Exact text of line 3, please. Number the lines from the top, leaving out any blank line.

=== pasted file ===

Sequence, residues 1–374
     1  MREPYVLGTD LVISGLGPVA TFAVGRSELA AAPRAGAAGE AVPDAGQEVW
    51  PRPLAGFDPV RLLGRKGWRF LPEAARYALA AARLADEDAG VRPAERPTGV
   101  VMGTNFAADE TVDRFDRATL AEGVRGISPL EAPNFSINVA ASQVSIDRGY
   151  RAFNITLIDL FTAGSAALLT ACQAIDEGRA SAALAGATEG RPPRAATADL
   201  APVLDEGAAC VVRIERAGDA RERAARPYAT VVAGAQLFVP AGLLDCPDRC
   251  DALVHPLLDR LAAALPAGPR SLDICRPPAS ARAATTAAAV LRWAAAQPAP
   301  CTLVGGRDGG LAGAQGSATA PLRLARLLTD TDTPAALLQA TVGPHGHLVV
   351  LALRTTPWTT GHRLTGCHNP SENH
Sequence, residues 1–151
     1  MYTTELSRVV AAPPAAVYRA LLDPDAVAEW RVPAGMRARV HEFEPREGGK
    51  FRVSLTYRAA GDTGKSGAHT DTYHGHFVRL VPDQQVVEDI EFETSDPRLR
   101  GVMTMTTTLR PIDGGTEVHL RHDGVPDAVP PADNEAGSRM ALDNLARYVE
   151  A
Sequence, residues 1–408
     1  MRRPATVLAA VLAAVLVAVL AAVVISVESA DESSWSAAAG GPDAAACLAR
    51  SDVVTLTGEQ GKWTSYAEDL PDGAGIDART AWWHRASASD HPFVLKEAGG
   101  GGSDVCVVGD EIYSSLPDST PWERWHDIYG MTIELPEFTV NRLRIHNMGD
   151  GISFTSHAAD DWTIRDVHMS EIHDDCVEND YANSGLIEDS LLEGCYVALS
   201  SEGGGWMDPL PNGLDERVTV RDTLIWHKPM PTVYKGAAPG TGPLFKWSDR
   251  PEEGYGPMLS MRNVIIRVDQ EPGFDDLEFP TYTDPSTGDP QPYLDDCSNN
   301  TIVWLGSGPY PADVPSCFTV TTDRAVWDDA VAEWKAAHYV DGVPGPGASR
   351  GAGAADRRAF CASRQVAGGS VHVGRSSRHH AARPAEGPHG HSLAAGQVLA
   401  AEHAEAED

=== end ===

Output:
    51  PRPLAGFDPV RLLGRKGWRF LPEAARYALA AARLADEDAG VRPAERPTGV